Register of Deeds: When Hollywood comes to town

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By William P. O’Donnell, Norfolk County Register of Deeds

Lights! Cameras! Action! It’s safe to say that for most people, those three buzzwords do not conjure up thoughts of the Norfolk County Registry of Deeds. After all, what is so alluring to Hollywood about a building that contains 5 million real estate documents?

And what possibly could the registry and the surrounding courthouse buildings have in common with television actors, movie stars, and the Oscars? Well, if I got you scratching your head by now and putting down your People Magazine, let me explain.

L-R: Registry staff members Rich Kennedy and Claire Martin, Robert Downey Jr., and Norfolk County Register William O’Donnell

L-R: Registry staff members Rich Kennedy and Claire Martin, Robert Downey Jr., and Norfolk County Register William O’Donnell

Dedham Square is one hot location when it comes to filming. I saw it in 2013 when the movie The Judge was filmed right in front of the Superior Court, District Court, and the Registry of Deeds. The film starred Robert Downey Jr. as a hot shot, slightly shady big city lawyer coming home to a small town in Indiana where he later defends his father, a stern judge, played by Robert Duvall, who is on trial for murder.

It was impressive to see the crowd of fans and movie extras, the large white blazing klieg lights, the boom mikes and the director’s chair in front of the Registry of Deeds as the cameras rolled. What was even more amazing happened a few days later when there was an unexpected knock on my side door on a hot summer’s day. It was Robert Downey Jr. asking if there might be a place he could study his lines. Needless to say, we made him our guest and put him in the registry’s conference room where he entered and left throughout the afternoon to do his scenes.

And it is true what they say about Robert Downey; he is one of the nicest people you can meet. An intern in my office got her picture taken with him and when she explained that her mother was a big fan too, he wrote a personal notation for her mom. Later he took a photo with the registry staff and me.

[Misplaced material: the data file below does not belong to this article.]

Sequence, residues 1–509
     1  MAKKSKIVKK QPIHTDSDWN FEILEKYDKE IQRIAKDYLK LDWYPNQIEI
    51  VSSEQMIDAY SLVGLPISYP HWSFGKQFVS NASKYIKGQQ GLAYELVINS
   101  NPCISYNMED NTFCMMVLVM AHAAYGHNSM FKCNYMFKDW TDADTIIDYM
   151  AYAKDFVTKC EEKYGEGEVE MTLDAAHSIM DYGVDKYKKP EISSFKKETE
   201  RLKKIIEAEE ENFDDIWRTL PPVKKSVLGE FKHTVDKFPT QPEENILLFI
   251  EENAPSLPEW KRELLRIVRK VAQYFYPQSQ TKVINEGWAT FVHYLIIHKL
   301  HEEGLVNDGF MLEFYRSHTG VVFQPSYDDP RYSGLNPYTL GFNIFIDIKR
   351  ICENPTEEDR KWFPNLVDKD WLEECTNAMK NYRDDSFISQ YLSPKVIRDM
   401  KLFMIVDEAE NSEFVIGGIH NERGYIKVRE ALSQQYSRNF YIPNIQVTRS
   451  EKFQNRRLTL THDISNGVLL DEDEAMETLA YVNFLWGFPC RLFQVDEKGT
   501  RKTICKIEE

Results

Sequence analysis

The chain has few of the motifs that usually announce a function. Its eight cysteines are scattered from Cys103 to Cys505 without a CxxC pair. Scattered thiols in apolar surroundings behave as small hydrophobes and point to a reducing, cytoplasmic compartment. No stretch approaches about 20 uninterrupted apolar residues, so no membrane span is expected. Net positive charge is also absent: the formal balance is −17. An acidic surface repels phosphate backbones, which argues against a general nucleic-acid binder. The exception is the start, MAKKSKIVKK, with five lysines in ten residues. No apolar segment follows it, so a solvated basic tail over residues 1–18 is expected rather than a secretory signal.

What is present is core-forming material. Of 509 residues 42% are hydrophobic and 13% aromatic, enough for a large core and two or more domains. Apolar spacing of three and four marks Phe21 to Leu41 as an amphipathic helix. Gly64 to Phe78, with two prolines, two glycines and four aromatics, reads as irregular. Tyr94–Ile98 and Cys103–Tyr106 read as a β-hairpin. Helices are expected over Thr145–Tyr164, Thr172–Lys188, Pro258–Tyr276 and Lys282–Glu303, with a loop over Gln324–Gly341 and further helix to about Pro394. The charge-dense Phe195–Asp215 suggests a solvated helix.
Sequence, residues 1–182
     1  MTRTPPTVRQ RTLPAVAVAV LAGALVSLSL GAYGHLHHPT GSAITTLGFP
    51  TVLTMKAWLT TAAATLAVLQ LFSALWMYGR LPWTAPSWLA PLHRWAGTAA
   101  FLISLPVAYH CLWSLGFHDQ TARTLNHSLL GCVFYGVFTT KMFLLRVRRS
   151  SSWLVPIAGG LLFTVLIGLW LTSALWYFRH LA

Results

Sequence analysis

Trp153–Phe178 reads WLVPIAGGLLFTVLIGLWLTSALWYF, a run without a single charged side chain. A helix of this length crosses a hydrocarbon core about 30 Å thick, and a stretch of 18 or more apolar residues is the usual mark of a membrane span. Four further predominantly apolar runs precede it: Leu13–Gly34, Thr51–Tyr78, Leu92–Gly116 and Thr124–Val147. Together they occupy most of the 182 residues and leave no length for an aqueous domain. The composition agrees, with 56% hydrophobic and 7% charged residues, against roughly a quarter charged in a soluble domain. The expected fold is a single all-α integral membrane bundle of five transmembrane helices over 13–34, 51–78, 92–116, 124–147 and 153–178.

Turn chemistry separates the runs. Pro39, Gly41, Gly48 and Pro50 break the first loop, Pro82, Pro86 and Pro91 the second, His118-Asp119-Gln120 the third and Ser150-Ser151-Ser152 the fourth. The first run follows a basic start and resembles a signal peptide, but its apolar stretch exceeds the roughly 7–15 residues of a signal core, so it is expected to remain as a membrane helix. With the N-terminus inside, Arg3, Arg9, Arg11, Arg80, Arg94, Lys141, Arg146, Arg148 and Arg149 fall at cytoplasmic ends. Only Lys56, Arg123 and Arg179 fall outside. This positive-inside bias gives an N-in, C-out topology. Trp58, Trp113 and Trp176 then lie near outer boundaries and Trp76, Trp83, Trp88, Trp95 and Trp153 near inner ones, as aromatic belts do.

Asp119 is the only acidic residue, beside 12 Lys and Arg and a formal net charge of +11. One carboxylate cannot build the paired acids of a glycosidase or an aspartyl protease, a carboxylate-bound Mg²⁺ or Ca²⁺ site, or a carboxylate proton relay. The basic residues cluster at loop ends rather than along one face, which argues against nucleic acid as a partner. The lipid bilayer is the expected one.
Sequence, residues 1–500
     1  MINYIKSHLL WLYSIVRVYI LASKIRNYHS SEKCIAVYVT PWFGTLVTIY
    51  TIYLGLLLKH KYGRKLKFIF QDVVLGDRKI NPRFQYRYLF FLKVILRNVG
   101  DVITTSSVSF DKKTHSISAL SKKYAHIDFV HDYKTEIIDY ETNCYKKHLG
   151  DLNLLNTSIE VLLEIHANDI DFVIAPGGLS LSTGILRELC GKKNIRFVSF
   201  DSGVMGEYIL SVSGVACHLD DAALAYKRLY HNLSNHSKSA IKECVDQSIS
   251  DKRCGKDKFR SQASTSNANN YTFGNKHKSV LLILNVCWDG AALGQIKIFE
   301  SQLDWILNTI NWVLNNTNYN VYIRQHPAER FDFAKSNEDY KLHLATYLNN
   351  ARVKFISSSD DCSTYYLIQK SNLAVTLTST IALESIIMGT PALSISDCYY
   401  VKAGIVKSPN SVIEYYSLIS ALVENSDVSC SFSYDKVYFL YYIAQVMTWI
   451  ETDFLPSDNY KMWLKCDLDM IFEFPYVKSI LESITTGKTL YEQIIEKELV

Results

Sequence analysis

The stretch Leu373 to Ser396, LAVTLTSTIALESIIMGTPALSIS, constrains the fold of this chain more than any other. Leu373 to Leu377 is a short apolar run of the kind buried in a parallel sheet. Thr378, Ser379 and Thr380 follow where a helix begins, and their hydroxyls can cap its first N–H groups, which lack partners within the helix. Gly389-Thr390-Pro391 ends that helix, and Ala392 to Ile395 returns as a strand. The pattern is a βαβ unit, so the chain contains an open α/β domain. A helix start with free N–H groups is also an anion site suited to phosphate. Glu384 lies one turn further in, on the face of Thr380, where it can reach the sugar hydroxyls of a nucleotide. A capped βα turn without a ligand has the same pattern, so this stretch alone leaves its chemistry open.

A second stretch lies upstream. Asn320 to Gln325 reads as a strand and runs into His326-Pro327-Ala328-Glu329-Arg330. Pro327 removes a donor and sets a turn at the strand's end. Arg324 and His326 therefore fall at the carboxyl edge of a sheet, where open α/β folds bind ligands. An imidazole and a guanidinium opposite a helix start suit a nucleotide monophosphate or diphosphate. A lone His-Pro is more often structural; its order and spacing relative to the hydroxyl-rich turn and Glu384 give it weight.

The movie was both a critical and financial success. It opened the Toronto Film Festival and it earned an Oscar nomination for Duvall for Best Supporting Actor. The only hitch to my whole movie experience was when the crew was filming the Registry of Deeds’ front door. I thought, “This is great. My name is on the door! I am going to make the movie!” Little did I appreciate that directors are sticklers for details. Gone were the words Norfolk County Registry of Deeds, replaced by Crawford County. The date changed from EST. 1793 to EST. 1852. And worse yet, I was replaced by a register of deeds named Dennis W. Hartig. Oh well, I guess there aren’t too many people named William O’Donnell in Indiana.

A few years earlier, Dedham Square was treated to the filming of multiple episodes of the hit TV series The Practice, which starred James Spader. The show became a spinoff for Boston Legal. These particular episodes centered around Spader’s character, Alan Shore, coming back to his hometown to defend his boyhood friend on a charge of murder. Some of the filming took place in front of the Registry of Deeds; the District and Superior courts were also used in the filming.

Again, I almost had my marquee moment. An assistant director came into the registry and said, “You look like a lawyer and I responded, “I am one.” He asked me if I wanted to be an extra by walking down the street. I thought I had done a pretty good job because he later asked me if I could walk up some courthouse steps with another person that night. I didn’t realize the scene would literally take all night to shoot in the freezing cold. However, what really dampened my spirits was that my scenes, like many would-be actors, would fall victim to the cutting-room floor.

But the films keep coming. Just several months ago, some movie scenes were shot across from the Registry of Deeds at the Norfolk Superior Court. The movie is about the Detroit riots of 1967. It is being directed by Kathryn Bigelow, who won the Oscar for Best Director in 2009 for The Hurt Locker. The film is scheduled to be released on August 4, 50 years to the date of the riots.

We can only hope Hollywood comes again to Dedham Square and the Registry of Deeds in the very near future. Until then, with my movie career never really taking off, I will keep my day job.

Around the Real Estate Block: Canton property sales totaled 64 for December 2016. The average property sale price (including residential and commercial) for December was $843,653. There were 47 Homesteads and zero foreclosure deeds filed for the month of December in Canton.

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